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Help for Pubic Symphysis Pain

Help for Pubic Symphysis Pain

International Journal of Childbirth Education. June 2009.

Heather Jeffcoat, DPT

Pubic symphysis pain, or anterior pelvic girdle pain, is one of a myriad of musculoskeletal pains that women may experience during pregnancy. This pain can be debilitating, requiring some women to use crutches or a rolling walker to alleviate the pain while allowing some mobility. Some studies report that up to 50% of pregnant women have some type of pelvic girdle pain prior to 20 weeks gestation. Additionally, this pain negatively affects perceived health and sexual life during pregnancy (Mogren, 2006).

pubic symphysis painPubic symphysis pain is defined as mild to severe pain over the pubic symphysis, and can extend down into the groin and medial thighs (unilateral or bilateral). It generally presents clinically as pain with standing (especially on one leg), prolonged sitting, or with transitional movements such as going from a sitting to a standing position, rolling over in bed, or going up or down stairs. In some women, there may be a clicking in the joint present.

Oftentimes, this pain is present along with other types of pain, most commonly with lower back or sacral pain. One study pointed to additional physical and psychosocial factors that may increase risk of pubic symphysis pain during pregnancy, such as increased weight and less job satisfaction (Albert et al, 2006). Risk factors that are associated with prolonged pelvic pain at six months' time include increased BMI and pelvic joint hypermobility (Mogren 2006).

A study published earlier this year looked at pelvic girdle pain (including anterior or pubic symphysis pain) and disability reported in pregnant women in the first trimester and again at gestation week 30 (Robinson et al, 2010). Clinical examinations were also performed. The results showed that self-reported pain locations in the pelvis, a positive posterior provocations test and the sum of pain provocation tests present in early pregnancy are statistically significant with disability reports at 30 weeks gestation, but the number of pain sites is not.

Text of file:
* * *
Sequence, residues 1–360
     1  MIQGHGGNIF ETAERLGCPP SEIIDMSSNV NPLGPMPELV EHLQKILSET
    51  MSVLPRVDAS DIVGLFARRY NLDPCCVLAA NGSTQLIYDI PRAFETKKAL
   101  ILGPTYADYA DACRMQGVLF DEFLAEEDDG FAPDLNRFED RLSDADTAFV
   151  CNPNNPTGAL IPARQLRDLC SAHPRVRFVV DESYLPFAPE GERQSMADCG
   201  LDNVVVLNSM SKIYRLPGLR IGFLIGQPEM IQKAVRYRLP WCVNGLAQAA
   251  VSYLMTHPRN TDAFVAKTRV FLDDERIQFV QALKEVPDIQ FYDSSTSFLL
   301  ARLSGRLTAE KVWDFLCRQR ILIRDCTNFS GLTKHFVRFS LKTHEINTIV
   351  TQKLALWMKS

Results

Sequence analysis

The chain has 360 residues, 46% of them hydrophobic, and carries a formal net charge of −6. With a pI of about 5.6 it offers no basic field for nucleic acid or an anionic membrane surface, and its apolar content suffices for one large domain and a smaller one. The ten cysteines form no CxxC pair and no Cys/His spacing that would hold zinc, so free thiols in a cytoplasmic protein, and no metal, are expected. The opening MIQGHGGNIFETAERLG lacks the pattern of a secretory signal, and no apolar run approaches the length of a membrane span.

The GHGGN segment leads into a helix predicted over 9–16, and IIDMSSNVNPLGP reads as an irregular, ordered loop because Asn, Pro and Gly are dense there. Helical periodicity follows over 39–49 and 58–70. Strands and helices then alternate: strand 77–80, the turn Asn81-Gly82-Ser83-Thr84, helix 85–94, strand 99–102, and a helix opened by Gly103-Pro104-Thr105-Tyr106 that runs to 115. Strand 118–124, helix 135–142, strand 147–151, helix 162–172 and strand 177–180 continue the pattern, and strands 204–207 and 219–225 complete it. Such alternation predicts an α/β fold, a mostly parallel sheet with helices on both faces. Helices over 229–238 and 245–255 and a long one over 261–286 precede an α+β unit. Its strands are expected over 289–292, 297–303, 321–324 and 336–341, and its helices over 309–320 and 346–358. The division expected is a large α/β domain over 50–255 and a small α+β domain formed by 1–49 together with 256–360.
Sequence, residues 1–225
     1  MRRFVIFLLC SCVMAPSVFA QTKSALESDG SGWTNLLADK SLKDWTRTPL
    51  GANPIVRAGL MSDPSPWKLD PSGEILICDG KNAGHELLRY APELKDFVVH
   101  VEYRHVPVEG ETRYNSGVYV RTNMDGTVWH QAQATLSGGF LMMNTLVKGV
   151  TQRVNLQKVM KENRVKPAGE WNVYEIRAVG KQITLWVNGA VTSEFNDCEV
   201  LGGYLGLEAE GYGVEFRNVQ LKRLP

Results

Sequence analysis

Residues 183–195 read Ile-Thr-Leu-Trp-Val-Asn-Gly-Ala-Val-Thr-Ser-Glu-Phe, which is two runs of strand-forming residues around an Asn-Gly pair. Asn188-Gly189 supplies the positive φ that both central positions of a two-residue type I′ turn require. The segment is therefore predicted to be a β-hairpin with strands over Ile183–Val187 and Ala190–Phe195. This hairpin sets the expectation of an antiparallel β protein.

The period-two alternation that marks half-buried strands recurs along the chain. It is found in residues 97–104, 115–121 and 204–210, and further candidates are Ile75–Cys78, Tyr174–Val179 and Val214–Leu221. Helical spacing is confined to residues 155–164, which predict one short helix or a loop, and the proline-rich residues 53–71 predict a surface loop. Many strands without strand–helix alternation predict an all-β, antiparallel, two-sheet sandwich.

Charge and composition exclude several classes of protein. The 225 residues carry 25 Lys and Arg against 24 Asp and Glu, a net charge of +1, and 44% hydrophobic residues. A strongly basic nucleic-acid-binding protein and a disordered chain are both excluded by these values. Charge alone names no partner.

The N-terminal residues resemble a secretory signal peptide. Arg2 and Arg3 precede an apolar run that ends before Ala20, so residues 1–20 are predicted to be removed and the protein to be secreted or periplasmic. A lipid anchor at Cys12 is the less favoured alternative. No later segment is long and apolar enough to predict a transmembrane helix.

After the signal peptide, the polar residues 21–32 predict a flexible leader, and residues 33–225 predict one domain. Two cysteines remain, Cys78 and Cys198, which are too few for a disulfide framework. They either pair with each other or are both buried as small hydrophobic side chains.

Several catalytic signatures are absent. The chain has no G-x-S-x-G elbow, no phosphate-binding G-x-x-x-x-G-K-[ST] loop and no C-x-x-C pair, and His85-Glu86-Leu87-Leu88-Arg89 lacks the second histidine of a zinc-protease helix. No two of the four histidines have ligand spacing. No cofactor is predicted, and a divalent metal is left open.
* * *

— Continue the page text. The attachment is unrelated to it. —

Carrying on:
Another study looked at hormonal contraceptive use and the occurrence of all types of pregnancy-related pelvic girdle pain (Kumle et al, 2004). It found that the use of hormonal contraceptives was only significant with regards to pelvic girdle pain for the first pregnancy. The most significant determinant of pelvic girdle pain in subsequent pregnancies is the presence of pain in a previous pregnancy. Studies have looked at several factors to identify risk in developing various types of pelvic girdle pain, but there is no single factor that appears to play the biggest role. Once the pain occurs, there are some exercises your client can perform that may alleviate her symptoms.

Modifications in your client's daily activities are an essential first step to alleviate pain and pressure in the pubic symphysis. Instruct her to keep her legs together when she is rolling over in bed or getting out of the car, like she is wearing a tight mini-skirt. Also, it is generally more comfortable for her to get into bed "on all fours" and then lying on her side, rather than sitting in bed and lifting her legs up.

Additionally, there are some exercises your client can perform, which have been shown to reduce pubic symphysis pain (Depledge et al, 2005).


  • Abdominal Stabilization: Instruct your client to gently pull her navel towards her baby.
  • Kegels: Instruct your client to contract her pelvic floor gently, like she is closing the openings.
  • Gluteus Squeezes: Instruct your client to gently squeeze the buttocks. This can be done while standing.
  • Lat Pulls: Instruct your client to grasp a door handle and gently pull it toward her.
  • Adductor Squeezes: Instruct your client to place a small, soft ball between her knees and squeeze gently.

The good news is that pubic symphysis pain usually resolves on its own after birth. However, if the pain worsens or these initial exercises do not work, there are additional exercises and treatments your client can learn or receive from an experienced Women's Health physical therapist. To locate one in your area, go to www.womenshealthapta.org or call (800) 999-APTA extension 3229.

Related Search Terms:


Bump, et al. Assessment of Kegel pelvic muscle exercise performance after brief verbal instruction. Am J Obstet Gynecol. 1991 Aug;165(2):322-7

Carriere, B., Feldt, C.M. 2002. The Pelvic Floor. New York: Thieme.

Di Benedetto, P., Coidessa, A., Floris, S. Rationale of pelvic floor muscles training in women with urinary incontinence. Minerva Ginecol. 2008 Dec;60(6):529-41.